Mosque is located in the centre of the fourth largest city in Afghanistan – Mazar-i-Sharif and is by far the best known landmark in this city.
Building is 53 by 38 m large and very beautiful.
Blue Mosque is roughly rectangular, with the tomb chamber of the purported remnants of Ali in its centre. Above the tomb rises the largest dome: 15 m wide, blue cupola.
Whole building is covered with polychrome tiles. Dominating color is blue of different shades.
At the mosque have been added tombs of distinguished religious and political leaders of Afghanistan but whole complex of buildings is enclosed in a precinct.
History and legends
Story of Ali
One of the most prominent personalities in the history of Islam is Ali ibn Abi Talib – cousin and son-in-law of the Islamic prophet Muhammad.
Ali was killed in Najaf, contemporary Iraq: he died in the 31st January 661 AD.
Most Muslims consider that Ali was buried in Najaf, near the site of his death. Many Afghanis though believe to another story.
According to this story the followers of Ali were afraid that his grave in Najaf would be desecrated by his enemies. His body was carried to the east by a white camel until this camel fell dead. Here Ali was buried.
Mazar-i-Sharif – city of shrine
This grave was rediscovered in the early 12th century and a shrine was erected here in 1136. In this time started also to develop city of Mazar-i-Sharif which got its name (Grave of Sharif, Noble Shrine) from this shrine.
The shrine, reportedly, was destroyed by army of Genghis Khan in the 1220s. Another legend tells that this shrine was covered with earth to protect it from desecration.
Current shrine was built in the time of Sultan Husayn Mirza Bayqara (1469 – 1506) in 1480 – 1481. It these times Mazar-i-Sharif became a big and important city.
Mosque was restored in the middle of the 20th century and is one of the best kept historical landmarks in Afghanistan. Not much of the original structure remains – most of the artwork here is recreated in modern times.
Most Shia piligrims come here to celebrate Islamic New Year in the 21st March.
Grave of Zoroaster?
There is a more exotic hypothesis: it is possible that here, in Mazar-i-Sharif, has been buried Zoroaster – ancient philosopher and founder of the first major monoteistic religion – Zoroastrianism.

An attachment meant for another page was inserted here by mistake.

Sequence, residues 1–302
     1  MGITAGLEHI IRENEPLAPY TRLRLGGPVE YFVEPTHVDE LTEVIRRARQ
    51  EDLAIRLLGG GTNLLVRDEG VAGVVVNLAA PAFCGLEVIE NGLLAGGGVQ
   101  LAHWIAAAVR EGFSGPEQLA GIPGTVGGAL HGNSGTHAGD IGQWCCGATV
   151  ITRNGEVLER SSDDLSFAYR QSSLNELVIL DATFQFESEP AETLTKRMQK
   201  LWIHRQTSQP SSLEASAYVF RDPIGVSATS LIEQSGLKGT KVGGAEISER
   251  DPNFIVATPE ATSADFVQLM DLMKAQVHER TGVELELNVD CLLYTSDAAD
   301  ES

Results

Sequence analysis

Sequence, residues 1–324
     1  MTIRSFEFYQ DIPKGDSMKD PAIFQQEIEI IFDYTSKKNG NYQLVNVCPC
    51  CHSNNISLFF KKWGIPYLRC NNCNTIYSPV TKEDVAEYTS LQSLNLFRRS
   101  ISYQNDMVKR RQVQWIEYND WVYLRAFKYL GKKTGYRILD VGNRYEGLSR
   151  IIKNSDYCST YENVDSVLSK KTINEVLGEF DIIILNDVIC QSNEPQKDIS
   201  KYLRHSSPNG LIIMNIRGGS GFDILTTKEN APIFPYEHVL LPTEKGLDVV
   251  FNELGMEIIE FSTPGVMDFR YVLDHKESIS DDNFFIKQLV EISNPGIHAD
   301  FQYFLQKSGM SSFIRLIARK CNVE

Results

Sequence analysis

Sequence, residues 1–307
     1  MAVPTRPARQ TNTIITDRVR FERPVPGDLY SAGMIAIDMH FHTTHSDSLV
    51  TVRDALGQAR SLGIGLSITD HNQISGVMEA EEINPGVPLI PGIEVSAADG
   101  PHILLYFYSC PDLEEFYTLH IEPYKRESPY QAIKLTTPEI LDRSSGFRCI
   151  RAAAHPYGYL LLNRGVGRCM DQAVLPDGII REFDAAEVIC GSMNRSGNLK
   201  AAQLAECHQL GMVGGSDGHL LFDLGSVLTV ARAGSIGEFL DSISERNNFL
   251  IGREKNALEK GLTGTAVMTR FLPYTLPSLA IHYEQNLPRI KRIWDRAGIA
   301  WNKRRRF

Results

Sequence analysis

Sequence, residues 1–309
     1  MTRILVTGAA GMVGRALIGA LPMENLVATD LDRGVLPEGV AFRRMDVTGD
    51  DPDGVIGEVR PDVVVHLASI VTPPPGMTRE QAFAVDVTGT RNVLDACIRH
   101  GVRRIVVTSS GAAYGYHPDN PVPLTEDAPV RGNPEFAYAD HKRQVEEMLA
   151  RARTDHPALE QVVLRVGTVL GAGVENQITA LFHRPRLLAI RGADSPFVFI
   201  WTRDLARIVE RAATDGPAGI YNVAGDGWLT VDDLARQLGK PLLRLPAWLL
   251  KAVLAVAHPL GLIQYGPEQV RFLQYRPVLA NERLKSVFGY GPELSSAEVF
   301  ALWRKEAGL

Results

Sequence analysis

It is known that Zoroaster lived up to the end of his days in the nearby Balkh some 2,500 years ago. Location of his grave is not known.
There is a theoretical possibility that Zoroaster lies here indeed. But most likely it is good that we don’t know it for sure. Too many landmarks of other religions have been eliminated in this part of the world.
|Coordinates:||36.7090 N 67.1109 E|
|Address:||Asia, Afghanistan, Balkh province, centre of Mazar-i-Sharif|
|Name in Farsi:||مسجد کبود|
|Alternate names:||Shrine of Hazrat Ali, Rowze-i Sharif|
|Age:||1480 – 1481|
Long ago, in distant past in the area of present day Afghanistan evolved amazing cultures – here met Indian, Greek, Persian civilizations and unique local cultures. Recent decades have been harsh and some magnificent monuments of the past have been lost (including two giant statues of Buddha in Bamyan). Nevertheless many still exist.
Place for worship in Islam is called mosque. Mosques serve also for education, news exchange, dispute settling.
Initially, in the 7th century mosques were unpretentious, large halls for gatherings. Over the time, as Islam was spreading, there developed diverse, locally adapted architectural forms of mosques.
In this definitive retrospective of his work in Afghanistan,Steve McCurry has curated over 140 gripping images to present a torn, proud people, from the desert of Kandahar to the streets of Kabul and remote rivers of Nuristan. For almost four decades, McCurry traveled to the country regularly, documenting its people with a rare and disarming humanity.